People contribute to a hand painting during the National Day for Truth and Reconciliation in Ottawa on Thursday, Sept. 30, 2021. THE CANADIAN PRESS/Sean Kilpatrick

People contribute to a hand painting during the National Day for Truth and Reconciliation in Ottawa on Thursday, Sept. 30, 2021. THE CANADIAN PRESS/Sean Kilpatrick

OP-ED: Anti-Racism Data Act will help to dismantle systemic racism

National Indigenous Peoples Day is an opportunity to celebrate B.C.’s historic Anti-Racism Data Act

Special to Black Press Media

National Indigenous Peoples Day is an opportunity to celebrate B.C.’s historic Anti-Racism Data Act, which is the first of its kind to be co-developed with Indigenous Peoples and prepare for the work ahead to turn this legislation into results for Métis, First Nations, Inuit and other racialized people.

The legislation became law earlier this month and represents almost two years of work – listening and learning from racialized communities and working side-by-side with Métis and First Nations leadership and others to understand communities’ concerns.

Process matters. And the work to develop this legislation is building bridges between government and racialized communities. Together we are lifting the veil on the colonial biases and systemic racism that have hurt racialized people since time immemorial.

The new act marks a turning point for our province and will provide data on the irrefutable barriers facing racialized people.

Over the coming months, we will confirm the membership of a new anti-racism data committee to collaborate with government on implementing the legislation.

In late Fall, we are planning to begin collecting demographic data through a voluntary population survey. We know that better understanding the distinct cultures of Indigenous Peoples is an important step to supporting racialized communities, including Métis people.

Using distinctions-based language will be front and centre in the co-development of the survey.

The survey will be an important tool to understand the demographics of people living in B.C. and the services and supports they are using. The findings of this survey will be released in a public report next summer.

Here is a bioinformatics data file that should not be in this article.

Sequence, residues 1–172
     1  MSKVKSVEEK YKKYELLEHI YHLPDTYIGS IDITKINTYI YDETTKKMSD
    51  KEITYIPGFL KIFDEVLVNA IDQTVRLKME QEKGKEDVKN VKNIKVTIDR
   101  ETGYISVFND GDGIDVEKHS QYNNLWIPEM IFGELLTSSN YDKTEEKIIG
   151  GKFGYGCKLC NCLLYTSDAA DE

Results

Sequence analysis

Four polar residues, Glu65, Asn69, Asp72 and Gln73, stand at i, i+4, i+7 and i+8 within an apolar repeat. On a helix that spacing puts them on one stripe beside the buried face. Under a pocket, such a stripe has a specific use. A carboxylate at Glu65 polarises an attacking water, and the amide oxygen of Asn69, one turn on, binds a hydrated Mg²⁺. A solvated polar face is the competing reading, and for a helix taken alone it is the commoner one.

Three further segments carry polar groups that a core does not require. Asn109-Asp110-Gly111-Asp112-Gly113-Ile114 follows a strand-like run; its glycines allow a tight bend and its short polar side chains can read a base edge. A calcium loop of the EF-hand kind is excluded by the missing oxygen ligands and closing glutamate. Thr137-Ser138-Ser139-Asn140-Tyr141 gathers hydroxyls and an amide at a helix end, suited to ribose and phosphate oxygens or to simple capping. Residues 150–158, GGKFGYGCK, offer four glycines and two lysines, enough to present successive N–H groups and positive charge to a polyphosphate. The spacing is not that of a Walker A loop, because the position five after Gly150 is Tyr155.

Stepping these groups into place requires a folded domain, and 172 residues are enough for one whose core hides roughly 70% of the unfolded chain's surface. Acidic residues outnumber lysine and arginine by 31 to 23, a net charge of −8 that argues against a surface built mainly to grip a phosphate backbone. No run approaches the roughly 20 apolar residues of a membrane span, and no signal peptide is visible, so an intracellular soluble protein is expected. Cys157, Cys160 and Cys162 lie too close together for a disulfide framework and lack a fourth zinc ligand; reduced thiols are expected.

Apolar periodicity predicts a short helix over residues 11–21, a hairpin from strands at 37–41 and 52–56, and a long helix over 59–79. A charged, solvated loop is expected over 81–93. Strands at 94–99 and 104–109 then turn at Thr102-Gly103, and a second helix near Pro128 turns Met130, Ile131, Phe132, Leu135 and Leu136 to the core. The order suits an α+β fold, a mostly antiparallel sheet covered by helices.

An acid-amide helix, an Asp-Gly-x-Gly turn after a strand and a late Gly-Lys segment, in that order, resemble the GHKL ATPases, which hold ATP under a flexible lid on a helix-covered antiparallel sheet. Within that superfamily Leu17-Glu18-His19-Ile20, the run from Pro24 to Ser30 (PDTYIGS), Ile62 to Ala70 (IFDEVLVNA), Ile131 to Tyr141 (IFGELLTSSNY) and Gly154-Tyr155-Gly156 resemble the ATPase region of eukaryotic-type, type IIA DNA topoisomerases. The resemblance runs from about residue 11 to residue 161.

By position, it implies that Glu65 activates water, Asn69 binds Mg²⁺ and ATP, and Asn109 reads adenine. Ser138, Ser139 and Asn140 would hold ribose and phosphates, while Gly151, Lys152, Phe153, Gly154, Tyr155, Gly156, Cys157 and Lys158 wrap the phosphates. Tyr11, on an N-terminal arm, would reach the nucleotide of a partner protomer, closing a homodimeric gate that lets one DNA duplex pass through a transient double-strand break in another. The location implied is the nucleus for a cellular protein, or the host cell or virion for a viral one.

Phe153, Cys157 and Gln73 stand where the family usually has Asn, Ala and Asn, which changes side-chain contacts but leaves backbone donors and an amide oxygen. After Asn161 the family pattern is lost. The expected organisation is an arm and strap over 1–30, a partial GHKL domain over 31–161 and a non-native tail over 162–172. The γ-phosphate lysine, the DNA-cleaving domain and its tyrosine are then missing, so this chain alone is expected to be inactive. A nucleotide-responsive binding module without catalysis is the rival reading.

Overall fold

The Métis have lived in B.C. since the late 1700s and are proud of their distinct culture, traditions, and language. For too long, the Métis have been referred to as the forgotten people. Through partnerships like this, we can help ensure Métis, First Nations and racialized communities across B.C. are forgotten no more. We will ensure they are seen and heard.

As equal partners in the development of the legislation, it’s imperative that all Indigenous Peoples and racialized communities continue to partner in how demographic data is collected, stored and turned into action. When barriers are identified through data, we will be working with Indigenous partners, including Metis Nation BC, to address these challenges.

While this legislation is an important part of our work to build an anti-racist B.C., there’s much more to do. We won’t take our foot off the gas pedal. For example, next year, we will introduce the broader Anti-Racism Act, and we’re also developing an anti-racism action plan for kindergarten to Grade 12 and tackling anti-Indigenous racism in health care.

But it will take more than changes in government policy to dismantle systemic racism. We all have a role to play. It starts by looking within yourself and in your community. We owe it to each other to stand up against hate and racism whenever we see it. We need to continue to have open dialogue and uncomfortable conversations so we can all start to better understand each other. By doing this hard work together, we can build a better, more inclusive province for everyone.

– Rachna Singh is the Parliamentary Secretary for Anti-Racism Initiatives and Lissa Dawn Smith is the President of Métis Nation BC

Indigenous Peoples Day

Pop-up banner image ×